The Technique of Precise Injection of Floseal Along the Nephrostomy Tract to Facilitate Tubeless Percutaneous Nephrolithotomy


Dear Editor,

After percutaneous nephrolithotomy (PCNL), a nephrostomy tube has been routinely placed to ensure hemostasis, provide drainage, and maintain access to the collecting system. This causes pain after surgery and persistent urine leaks after its removal. Recently, efforts have been expended to either reduce the size of the nephrostomy tube or eliminate it altogether. Hence, tubeless percutaneous nephrolithotomy is now increasingly advocated for the treatment of uncomplicated, large kidney stones [1,2,3]. After surgery, closure of the skin without sealing the nephrostomy tract postoperatively risks bleeding and urinary extravasation [4]. Hemostatic agents have therefore been advocated to seal the PCNL tract. Herein we describe a method to facilitate the accurate application of a Floseal Matrix from the renal parenchyma to skin, and we report the outcomes of tubeless PCNL.

Pradeep Durai, Fiona Wu Mei Wen, David Terrence Consigliere, Ho Yee Tiong

Submitted October 16, 2012 - Accepted for Publication October 25, 2012

KEYWORDS: Tubeless percutaneous nephrolithotomy, PCNL, Floseal, Floseal Matrix

CORRESPONDENCE: Ho Yee Tiong, MRCS (London), MMed (Surgery), FAMS (Urology), Consultant, Department of Urology, National University Hospital, Singapore ()

CITATION: UroToday Int J. 2012 December;5(6):art 63.



The selection criteria for tubeless percutaneous nephrolithotomy (PCNL) include a single-access tract, no significant residual stones, minimal bleeding, and no requirement for a secondary percutaneous procedure.

Routine PCNL is performed. After stone clearance, an intraoperative nephrostogram and flexible nephroscopy were performed to ensure total calculus clearance and no ureteric obstruction. The access sheath is then withdrawn to the junction of renal parenchyma and collecting system under direct nephroscopic vision and fluoroscopic guidance. The nephroscope is then removed and exchanged for the Floseal laparoscopic applicator; its tip is carefully aligned with the access sheath tip under fluoroscopic guidance (Figure 1). A rubber band is then placed around the applicator to fix its position within the access sheath (Figure 2). Five mls of Floseal was injected down the sheath, which was slowly withdrawn simultaneously with the applicator held in position with the sheath by the rubber band. The tract is re-examined at the skin level for bleeding, and another 5 mls of Floseal was given, if necessary. The skin can then be closed with DERMABOND.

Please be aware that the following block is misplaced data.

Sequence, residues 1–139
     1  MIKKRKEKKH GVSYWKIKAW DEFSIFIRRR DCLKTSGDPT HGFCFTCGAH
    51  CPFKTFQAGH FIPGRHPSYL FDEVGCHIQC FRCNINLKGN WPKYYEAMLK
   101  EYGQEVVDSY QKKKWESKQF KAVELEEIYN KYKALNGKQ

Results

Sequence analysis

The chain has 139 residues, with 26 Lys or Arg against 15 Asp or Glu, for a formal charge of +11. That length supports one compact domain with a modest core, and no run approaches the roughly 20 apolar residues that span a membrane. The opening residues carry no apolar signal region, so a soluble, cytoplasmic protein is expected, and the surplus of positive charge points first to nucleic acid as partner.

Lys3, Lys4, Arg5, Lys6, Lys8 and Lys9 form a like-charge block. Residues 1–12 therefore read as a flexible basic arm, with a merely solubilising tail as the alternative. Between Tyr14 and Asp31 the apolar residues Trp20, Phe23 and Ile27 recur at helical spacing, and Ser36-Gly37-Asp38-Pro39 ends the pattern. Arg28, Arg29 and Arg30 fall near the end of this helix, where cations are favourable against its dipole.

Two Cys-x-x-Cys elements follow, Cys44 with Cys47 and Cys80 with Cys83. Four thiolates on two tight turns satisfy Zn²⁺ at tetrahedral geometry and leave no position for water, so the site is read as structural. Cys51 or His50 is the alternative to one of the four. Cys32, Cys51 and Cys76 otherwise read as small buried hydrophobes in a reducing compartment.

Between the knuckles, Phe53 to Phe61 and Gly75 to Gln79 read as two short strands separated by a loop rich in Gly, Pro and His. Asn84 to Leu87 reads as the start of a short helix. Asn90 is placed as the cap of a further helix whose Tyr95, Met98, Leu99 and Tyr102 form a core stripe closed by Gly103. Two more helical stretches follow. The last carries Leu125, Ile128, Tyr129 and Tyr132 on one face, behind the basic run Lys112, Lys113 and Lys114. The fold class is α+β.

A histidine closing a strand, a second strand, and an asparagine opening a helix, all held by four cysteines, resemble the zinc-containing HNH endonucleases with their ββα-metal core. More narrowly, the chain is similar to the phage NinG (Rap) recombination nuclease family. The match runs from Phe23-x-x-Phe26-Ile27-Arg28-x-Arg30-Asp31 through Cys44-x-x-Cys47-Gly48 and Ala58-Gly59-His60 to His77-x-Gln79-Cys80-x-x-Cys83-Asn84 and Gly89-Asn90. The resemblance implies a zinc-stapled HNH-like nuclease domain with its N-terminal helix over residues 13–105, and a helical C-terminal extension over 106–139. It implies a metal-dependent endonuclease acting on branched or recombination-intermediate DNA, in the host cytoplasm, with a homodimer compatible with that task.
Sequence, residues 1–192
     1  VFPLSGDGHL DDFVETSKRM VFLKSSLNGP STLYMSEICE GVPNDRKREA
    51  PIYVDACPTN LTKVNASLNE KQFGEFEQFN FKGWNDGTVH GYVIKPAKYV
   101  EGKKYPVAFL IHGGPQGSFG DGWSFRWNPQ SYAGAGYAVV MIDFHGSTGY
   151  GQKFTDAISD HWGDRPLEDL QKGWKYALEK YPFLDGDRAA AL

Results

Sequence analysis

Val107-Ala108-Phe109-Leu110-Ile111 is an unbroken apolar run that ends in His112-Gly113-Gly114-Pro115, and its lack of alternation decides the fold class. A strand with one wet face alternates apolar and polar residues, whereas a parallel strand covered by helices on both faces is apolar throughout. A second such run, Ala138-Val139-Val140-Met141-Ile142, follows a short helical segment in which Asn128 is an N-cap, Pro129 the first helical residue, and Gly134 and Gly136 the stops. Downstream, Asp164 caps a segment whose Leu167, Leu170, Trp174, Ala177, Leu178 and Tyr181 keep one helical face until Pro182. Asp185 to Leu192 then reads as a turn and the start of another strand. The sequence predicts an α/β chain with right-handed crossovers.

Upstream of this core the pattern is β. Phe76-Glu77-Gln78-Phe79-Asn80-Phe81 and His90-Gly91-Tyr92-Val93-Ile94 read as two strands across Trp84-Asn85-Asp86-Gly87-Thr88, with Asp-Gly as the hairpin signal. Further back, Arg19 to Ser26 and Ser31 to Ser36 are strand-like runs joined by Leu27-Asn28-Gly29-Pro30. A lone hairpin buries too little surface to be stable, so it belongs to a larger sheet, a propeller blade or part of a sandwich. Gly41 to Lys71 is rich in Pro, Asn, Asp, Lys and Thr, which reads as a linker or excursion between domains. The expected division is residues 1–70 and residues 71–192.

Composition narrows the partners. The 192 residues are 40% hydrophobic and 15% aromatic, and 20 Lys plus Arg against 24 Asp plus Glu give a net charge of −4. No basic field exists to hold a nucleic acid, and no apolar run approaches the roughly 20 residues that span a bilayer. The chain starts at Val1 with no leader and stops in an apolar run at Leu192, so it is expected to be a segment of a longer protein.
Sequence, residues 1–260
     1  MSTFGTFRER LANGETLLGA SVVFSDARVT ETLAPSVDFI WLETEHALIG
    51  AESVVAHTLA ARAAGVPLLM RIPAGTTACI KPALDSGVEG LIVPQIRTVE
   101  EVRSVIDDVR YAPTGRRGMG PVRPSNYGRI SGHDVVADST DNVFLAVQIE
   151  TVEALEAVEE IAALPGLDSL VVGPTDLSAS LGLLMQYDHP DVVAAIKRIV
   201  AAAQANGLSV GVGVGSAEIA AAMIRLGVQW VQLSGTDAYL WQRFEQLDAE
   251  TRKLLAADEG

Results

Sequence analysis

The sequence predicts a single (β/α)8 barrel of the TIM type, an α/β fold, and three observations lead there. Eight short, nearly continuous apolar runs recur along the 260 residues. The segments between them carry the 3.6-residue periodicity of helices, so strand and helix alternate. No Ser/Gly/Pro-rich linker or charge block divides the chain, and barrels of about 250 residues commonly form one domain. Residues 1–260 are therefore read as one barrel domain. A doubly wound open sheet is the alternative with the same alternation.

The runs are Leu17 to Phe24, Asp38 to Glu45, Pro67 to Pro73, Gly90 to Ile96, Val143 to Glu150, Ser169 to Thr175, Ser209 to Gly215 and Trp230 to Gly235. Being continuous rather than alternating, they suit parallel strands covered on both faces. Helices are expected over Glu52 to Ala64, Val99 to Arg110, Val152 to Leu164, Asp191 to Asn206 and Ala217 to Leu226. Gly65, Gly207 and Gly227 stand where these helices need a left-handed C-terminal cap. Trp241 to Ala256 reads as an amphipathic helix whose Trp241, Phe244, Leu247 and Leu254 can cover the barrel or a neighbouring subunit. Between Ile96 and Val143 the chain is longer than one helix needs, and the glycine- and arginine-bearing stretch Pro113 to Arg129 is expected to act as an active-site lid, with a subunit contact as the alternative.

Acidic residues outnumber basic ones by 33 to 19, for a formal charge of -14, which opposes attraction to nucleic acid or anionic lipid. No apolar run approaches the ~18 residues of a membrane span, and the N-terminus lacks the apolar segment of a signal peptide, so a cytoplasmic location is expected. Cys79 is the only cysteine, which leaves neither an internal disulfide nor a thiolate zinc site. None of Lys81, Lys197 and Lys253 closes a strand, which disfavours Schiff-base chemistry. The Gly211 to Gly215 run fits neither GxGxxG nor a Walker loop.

Clinical data of our initial patient series were collected prospectively. No DJ stents were placed on our patient postoperatively, but a ureteric catheter connected to the Foley catheter is left in situ until postoperative day 1.


In our series of 5 patients, the median age was 47 (range: 29 to 61) years; the average stone load was 23.4 (range: 16.7 to 30) mm. The average duration of surgery, on average, was 174 (range: 155 to 194) min, and 100% stone clearance was achieved in all patients. The median length of stay of tubeless PCNL patients was 2 days. There were no complications reported, including bleeding or urine leaks. In particular, there were no wound complications. This was compared to our earlier series whereby only the skin was closed and no Floseal applied; the wound complication was 20%.


For patients who have been rendered completely stone free during uncomplicated PCNL, the administration of Floseal Matrix to the nephrostomy tract, precisely with the above novel technique, may achieve immediate hemostasis and eliminate the need for the placement of a nephrostomy tube. This novel technique can potentially facilitate safer tubeless PCNL than just skin closure alone.


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    PubMed ; CrossRef
  4. Tiong, H. Y. and D. Consigliere (2005). “Re: Immediate closure of nephrostomy tube wounds using a tissue adhesive: a novel approach following percutaneous endourological procedures.” J Urol 173(6): 2206.
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